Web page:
The last flowers – or maybe the first?

I’ve had a late flurry. I can’t make up my mind whether they are the last flowers I’ll have in any number before winter really sets in, in which case I really do need to address the situation, or whether they’re the start of something new – the beginning of a new academic year, as it were.

I’m going with the latter. I’ve been rushed off my feet with work and beset by a sudden onset of Mac problems – hopefully sorted; everything is crossed – and I’m being positive.

Pass the gin; my Baby just froze again. Downloaded new Firefox. Fingers crossed. Didn’t work. Now avoiding Firefox – which seems to be a focus – and using Safari. If there’s a sudden break in posts, or a lack of replies to comments, it didn’t work. Maybe it’s time for a new Mac… Shhhhh…

Time to cheer myself up, I think. How about this?

It’s a surprise lily. All my lilies were over, and this one – rescued from Wilkinson’s – was showing no signs of life. Then it suddenly went ‘wazzam!’ and did this. Just in time for the storms, so I snuggled it away behind my porch, protected from both the wind from the sea and the killer easterlies which zoom down the mountains behind the village. Admittedly, that means I don’t see as much of it as I would if it were somewhere a little more convenient, but at least it’s in one piece.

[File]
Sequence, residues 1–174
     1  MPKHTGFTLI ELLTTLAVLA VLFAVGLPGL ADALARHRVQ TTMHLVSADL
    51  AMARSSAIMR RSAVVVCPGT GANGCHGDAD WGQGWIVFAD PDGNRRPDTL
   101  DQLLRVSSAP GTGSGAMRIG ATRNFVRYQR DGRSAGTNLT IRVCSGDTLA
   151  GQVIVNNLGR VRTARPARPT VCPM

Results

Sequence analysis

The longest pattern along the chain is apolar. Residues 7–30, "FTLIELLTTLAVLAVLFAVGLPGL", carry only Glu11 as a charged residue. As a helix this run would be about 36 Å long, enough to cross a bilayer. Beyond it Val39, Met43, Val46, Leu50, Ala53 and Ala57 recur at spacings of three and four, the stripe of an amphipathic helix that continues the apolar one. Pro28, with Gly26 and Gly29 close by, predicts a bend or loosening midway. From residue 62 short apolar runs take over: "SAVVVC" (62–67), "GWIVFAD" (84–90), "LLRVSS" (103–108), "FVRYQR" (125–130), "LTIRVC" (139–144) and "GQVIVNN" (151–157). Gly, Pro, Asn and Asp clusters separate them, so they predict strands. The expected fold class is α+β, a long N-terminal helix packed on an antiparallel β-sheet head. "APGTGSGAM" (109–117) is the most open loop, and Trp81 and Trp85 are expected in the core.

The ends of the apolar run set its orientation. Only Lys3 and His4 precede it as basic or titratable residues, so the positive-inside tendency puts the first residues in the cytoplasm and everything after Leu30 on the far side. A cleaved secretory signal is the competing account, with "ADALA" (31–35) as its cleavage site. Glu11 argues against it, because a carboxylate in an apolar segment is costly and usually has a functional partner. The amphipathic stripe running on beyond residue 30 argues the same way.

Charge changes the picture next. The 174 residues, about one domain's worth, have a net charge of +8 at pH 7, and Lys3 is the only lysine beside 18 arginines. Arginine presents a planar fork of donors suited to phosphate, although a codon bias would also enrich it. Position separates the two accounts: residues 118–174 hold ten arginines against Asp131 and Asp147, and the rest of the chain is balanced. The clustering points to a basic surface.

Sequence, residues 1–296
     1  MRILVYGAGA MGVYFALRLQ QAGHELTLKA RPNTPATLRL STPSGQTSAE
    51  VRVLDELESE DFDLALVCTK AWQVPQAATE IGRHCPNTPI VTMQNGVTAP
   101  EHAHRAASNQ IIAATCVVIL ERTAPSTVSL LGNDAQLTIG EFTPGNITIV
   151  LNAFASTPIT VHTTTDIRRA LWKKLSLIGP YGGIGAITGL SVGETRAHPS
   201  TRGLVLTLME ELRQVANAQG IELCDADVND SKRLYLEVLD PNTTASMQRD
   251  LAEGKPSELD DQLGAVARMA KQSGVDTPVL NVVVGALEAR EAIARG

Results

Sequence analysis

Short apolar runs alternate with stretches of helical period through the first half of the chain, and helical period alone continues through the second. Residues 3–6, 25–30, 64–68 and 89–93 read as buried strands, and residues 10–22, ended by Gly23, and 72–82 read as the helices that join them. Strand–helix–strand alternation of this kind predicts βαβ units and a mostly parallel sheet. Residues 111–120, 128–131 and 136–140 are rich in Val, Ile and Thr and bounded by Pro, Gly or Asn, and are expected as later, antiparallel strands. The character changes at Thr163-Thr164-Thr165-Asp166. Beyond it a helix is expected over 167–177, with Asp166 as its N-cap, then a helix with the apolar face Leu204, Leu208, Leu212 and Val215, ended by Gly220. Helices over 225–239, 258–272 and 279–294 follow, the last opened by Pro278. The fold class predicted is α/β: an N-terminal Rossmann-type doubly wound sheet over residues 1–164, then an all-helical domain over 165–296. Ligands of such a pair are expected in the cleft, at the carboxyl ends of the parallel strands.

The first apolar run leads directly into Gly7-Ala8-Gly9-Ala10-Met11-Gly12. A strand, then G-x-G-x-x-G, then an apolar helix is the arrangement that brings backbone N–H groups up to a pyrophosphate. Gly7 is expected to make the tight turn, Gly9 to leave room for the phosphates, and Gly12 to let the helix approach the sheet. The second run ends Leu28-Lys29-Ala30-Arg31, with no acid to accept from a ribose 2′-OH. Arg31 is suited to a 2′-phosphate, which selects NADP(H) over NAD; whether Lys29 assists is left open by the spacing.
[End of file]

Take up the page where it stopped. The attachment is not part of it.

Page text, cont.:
And then there are these, also cuddled away from the winds:

My toad lily has gone a bit bonkers. It’s just as well I didn’t quite get round to creating the new bed, because if I had it would have been blown all the way up and over the mountains and into England.

And it has another neighbour in my little shelter, the lovely new primula, which is also – and rather fortunately – in a pot. There’s something to be said for not getting jobs done, after all.

The rest of the place looks more like a blasted heath than a garden. I keep expecting King Lear to come staggering through – you know, all ‘Blow winds, and crack your cheeks! rage! blow! / You cataracts and hurricanoes, spout / Till you have drenched our steeples!’ The weather’s definitely working on hurricanoes – and here it comes again. But before it really got cracking, I snuck out and managed to get my lovely autumn crocuses captured – oops, I was about to say on film – on camera. And they were lovely. For about a minute.

They’re flat now, of course.

I’ve still got my turquoise wind break up around the veg bed and so the garlic chives are standing relatively tall, but there aren’t as many as usual. That’s possibly because the big brute of a sage has suffocated them. It’s coming out soon, ho ho, all my cuttings having taken (I didn’t want to just rip it up and hurl it on the bonfire heap; it is lovely, but just in the wrong place). Removing it will also give me a chance to excavate the chives and move them too, and increase some space for veg where they can be relatively protected. And in the meanwhile, I’ve got beautiful garlic chive  flowers.

And a meadow which is about half the height it was, and which badly needs strimming.